Only you vulnerable, you have a 13- high card point hand like the following: (s)x (h) AJxx (d) KJxx (c) KJxx. (No x is higher than a 7). Three passes have preceded you.
The "Rule of 15" suggests that you open in fourth seat only if the sum of your high card points and spades add up to at least 15. It works most often for 11 point hands with four spades. Here, you have the full opening point count (13), but are weak in spades, the highest ranking suit.
On "average," your partner will have nine, or one third of the remaining 27 points, giving your side about 22 (out of forty). Balanced against this is the near-certainty that the opponents own the spade suit. (Partner would have opened with a "weak two" spades with six, unless they were very weak.)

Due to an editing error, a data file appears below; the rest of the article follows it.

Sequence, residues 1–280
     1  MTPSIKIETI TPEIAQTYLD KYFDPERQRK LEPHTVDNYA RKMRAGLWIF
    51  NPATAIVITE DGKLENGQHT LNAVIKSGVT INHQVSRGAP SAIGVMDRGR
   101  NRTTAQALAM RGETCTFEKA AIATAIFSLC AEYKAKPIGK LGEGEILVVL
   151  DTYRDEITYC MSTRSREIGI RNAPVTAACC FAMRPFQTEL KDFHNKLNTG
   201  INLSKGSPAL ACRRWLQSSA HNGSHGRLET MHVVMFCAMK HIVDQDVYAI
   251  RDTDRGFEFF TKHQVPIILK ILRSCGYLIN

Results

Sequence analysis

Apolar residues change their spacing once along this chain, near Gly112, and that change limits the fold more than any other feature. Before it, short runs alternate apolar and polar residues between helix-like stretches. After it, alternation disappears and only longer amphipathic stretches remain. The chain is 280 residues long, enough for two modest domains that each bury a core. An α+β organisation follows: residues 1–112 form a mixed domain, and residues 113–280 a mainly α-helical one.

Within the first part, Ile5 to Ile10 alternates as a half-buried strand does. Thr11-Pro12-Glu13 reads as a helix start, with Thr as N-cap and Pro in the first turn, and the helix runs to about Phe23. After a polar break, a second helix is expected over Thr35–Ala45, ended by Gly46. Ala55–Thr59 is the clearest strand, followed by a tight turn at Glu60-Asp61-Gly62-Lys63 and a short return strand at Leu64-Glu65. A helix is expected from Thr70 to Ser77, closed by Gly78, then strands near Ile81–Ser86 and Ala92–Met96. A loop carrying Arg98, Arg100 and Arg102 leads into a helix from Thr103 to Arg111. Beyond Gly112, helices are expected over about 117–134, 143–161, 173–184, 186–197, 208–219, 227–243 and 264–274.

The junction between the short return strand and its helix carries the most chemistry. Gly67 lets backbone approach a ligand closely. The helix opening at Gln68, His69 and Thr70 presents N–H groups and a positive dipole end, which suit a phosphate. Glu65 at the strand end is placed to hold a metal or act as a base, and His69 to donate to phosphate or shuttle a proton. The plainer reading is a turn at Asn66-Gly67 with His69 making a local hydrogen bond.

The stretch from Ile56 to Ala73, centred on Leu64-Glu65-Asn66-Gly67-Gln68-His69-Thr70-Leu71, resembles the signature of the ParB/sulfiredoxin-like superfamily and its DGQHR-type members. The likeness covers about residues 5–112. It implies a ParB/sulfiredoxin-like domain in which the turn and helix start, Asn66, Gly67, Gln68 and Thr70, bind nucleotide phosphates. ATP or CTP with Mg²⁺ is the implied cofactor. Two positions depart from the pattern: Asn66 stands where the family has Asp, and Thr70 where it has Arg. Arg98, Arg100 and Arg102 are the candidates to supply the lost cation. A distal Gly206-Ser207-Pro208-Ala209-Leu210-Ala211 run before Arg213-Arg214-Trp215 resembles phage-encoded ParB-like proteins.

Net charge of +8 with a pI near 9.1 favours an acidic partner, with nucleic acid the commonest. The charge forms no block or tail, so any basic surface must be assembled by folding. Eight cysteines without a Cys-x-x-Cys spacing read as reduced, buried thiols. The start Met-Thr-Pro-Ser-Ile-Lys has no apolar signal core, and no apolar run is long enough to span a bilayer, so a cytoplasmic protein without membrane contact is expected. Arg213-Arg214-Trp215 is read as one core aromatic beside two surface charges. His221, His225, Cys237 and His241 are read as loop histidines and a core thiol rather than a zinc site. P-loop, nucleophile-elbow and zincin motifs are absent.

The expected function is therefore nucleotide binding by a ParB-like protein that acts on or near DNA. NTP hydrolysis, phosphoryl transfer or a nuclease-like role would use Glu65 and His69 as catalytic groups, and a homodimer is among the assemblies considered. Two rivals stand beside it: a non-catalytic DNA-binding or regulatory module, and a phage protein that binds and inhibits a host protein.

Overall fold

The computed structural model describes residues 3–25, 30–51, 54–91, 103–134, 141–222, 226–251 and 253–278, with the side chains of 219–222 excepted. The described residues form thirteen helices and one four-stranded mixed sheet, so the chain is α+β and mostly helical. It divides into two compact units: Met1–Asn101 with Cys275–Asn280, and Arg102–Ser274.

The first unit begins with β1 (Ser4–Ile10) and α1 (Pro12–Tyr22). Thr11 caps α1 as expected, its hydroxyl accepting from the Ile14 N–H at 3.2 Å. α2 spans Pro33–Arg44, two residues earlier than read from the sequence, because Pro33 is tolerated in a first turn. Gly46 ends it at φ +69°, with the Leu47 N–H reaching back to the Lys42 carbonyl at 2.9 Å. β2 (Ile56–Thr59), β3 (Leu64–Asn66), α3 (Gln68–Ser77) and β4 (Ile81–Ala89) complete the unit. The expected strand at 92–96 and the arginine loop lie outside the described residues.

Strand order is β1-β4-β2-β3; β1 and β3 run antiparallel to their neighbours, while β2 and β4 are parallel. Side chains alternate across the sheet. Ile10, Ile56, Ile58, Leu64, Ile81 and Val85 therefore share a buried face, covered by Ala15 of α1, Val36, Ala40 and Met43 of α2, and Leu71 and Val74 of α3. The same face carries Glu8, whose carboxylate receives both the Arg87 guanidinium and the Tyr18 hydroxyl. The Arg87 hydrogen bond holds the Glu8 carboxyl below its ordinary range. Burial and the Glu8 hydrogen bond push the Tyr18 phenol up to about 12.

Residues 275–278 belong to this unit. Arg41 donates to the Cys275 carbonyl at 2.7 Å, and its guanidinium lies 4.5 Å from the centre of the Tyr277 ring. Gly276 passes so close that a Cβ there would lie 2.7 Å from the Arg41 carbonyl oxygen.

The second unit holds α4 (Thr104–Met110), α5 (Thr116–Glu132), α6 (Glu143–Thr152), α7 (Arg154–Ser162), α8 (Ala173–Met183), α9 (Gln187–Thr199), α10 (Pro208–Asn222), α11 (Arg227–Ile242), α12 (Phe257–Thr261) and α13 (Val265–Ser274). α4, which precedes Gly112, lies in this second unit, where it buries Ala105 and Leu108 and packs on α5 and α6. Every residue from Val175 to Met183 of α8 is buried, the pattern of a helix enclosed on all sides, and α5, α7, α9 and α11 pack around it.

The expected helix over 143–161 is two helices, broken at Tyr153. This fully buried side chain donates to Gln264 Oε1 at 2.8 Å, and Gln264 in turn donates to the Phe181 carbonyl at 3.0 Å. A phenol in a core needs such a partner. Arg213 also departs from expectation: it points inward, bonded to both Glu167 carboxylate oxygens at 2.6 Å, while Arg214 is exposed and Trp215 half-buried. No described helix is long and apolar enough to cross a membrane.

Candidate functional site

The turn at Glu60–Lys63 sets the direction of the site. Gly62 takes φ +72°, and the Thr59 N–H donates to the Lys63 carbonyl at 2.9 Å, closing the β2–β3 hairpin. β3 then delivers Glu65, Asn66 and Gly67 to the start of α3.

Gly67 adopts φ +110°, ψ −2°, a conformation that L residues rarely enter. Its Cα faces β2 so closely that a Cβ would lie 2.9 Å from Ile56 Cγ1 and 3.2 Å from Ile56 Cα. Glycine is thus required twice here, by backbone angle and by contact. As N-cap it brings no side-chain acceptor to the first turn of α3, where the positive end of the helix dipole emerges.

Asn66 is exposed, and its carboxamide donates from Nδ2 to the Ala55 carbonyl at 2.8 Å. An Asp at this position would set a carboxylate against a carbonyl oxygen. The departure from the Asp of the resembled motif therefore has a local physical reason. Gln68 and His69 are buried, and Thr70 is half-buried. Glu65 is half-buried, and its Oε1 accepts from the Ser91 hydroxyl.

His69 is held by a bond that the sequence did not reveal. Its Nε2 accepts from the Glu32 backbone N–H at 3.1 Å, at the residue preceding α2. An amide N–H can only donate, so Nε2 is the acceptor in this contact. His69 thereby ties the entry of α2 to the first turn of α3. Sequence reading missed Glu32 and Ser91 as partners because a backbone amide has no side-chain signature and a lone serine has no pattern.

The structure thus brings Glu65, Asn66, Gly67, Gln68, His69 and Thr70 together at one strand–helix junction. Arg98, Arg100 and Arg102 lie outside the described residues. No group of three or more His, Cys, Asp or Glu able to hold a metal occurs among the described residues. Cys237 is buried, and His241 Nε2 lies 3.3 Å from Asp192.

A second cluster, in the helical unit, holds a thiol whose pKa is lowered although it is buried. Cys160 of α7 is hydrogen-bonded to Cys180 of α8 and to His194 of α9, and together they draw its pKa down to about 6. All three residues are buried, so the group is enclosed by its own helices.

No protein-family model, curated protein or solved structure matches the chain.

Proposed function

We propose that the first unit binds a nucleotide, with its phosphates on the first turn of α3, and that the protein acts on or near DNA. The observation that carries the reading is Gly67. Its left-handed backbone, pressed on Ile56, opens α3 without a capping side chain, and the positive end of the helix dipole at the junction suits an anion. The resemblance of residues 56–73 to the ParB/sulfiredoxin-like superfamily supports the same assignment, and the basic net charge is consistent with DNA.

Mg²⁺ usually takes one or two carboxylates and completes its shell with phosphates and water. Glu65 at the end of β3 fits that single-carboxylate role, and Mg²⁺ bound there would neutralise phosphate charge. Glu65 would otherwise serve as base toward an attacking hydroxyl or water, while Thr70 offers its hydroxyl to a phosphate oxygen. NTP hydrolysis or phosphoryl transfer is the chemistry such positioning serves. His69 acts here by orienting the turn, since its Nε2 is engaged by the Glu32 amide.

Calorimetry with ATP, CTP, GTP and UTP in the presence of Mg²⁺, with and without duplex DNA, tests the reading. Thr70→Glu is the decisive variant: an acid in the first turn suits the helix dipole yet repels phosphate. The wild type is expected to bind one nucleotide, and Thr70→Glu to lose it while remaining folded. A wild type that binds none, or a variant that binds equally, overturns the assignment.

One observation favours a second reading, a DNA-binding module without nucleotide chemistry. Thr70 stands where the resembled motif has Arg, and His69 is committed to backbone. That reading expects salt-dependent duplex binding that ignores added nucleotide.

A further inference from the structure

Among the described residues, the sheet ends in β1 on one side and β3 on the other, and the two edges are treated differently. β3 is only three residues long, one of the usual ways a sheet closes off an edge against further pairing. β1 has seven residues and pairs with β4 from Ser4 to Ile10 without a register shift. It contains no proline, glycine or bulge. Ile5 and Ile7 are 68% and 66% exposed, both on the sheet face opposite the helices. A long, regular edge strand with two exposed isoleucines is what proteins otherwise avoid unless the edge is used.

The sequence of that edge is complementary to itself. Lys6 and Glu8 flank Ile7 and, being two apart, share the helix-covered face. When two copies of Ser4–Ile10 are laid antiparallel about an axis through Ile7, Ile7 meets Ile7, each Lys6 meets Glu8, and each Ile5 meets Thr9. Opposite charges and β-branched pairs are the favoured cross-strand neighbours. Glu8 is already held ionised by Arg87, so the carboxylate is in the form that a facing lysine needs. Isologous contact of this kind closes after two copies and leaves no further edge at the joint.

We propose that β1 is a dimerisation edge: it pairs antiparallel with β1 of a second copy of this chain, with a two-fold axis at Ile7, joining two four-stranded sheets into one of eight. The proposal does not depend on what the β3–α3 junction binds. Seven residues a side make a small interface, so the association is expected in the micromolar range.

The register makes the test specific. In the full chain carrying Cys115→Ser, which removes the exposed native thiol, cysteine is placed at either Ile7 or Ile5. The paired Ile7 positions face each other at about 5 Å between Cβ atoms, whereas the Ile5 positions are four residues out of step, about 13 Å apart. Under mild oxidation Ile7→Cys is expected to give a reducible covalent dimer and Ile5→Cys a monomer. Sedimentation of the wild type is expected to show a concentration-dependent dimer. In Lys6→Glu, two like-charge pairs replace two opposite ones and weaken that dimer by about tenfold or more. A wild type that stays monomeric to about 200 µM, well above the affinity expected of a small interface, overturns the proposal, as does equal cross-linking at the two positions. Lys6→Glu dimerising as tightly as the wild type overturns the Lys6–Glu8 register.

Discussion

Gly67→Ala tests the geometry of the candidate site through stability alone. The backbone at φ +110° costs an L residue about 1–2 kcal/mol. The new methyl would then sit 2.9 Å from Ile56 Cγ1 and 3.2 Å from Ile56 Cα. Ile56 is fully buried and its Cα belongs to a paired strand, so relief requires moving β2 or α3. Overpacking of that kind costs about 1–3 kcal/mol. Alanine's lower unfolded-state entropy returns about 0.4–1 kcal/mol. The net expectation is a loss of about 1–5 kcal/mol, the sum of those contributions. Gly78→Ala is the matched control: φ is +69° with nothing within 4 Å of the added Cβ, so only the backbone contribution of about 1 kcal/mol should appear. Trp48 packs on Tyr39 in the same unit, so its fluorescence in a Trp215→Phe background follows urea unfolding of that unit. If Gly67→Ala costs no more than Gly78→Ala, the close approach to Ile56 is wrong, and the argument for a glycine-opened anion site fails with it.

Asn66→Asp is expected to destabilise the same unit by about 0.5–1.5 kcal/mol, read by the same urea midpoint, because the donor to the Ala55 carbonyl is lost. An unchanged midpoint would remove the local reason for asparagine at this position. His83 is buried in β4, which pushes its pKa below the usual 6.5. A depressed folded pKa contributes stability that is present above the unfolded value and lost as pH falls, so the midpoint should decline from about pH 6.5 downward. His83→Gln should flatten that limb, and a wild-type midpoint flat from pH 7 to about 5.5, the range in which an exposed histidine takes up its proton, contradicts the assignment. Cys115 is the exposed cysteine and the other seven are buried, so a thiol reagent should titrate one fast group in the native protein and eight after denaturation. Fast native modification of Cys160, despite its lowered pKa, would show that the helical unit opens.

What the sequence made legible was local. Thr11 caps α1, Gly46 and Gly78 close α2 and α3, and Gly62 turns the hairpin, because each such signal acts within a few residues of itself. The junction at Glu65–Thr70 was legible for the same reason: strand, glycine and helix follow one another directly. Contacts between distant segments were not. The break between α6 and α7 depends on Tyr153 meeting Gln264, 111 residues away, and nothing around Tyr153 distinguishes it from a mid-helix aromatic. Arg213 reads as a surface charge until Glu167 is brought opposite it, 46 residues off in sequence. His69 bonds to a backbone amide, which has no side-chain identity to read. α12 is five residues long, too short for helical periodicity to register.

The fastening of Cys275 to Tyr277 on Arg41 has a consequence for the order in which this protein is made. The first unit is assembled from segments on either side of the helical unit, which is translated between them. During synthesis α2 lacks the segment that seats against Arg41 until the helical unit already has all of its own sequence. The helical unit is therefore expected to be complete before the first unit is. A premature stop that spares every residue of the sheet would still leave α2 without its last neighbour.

Does this consideration suggest that you should pass in fourth seat, even though you might have opened, say one diamond, in first, second, or third seat?
Edit: I am now also assuming unfavorable vulnerability, that is "only you vulnerable" (the original version of the question said both vulnerable). Does vulnerability make a difference in this borderline case?